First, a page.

Back to Resource Center

Text complexity

What is text complexity?

Simply stated, text complexity is how easy or hard a text is to read, based on quantitative and qualitative text features.

Text complexity is a critical consideration in matching students to appropriately challenging materials. It’s a huge focus of the Common Core Standards because students’ ability to read complex texts is a critical component of college and career readiness.

How do you measure text complexity?

Just considering quantitative readability measures like Lexile level isn’t enough. You also have to study a text’s structure, meaning or purpose, language, and knowledge demands to determine a qualitative rating.

Finally, you have to take into account reader (motivation, background knowledge) and task (purpose, complexity) variables. These three components—quantitative, qualitative, and reader and task—come together to determine the overall complexity of a text and inform how you may want to approach planning and instruction.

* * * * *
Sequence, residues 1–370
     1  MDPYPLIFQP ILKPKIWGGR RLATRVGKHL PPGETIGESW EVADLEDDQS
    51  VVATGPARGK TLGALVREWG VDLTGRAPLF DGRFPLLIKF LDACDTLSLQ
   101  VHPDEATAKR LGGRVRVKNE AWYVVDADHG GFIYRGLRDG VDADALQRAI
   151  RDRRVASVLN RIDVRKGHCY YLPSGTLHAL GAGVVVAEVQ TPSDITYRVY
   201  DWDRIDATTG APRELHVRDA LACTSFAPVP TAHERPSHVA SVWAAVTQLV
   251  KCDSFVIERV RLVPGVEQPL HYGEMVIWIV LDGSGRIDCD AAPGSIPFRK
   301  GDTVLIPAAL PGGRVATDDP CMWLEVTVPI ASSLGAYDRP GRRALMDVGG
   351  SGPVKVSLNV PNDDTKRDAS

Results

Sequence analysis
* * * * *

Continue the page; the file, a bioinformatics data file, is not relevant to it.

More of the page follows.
Why does text complexity matter?

The emphasis on text complexity represents a radical shift for teachers and students. For the first time, the standards require that the texts we use in instruction are appropriately complex and worthy of students’ time and attention.

And text complexity matters not only because the standards say so: it’s one way to work toward educational equity for all students. Complex texts create opportunities for students to think and reason at the deepest levels and to gain knowledge of the world around them, which will help them achieve success in their college, career, and life.

Want to learn more about supporting students to read complex texts?


Get k12 Education Resources

Subscribe to Our Newsletter

Subscribe to our newsletter to join our community and receive monthly selections of actionable resources, stories of best practices from across our national network of partner schools, districts and CMOs, and invitations to exclusive events. We're glad to be learning together alongside you.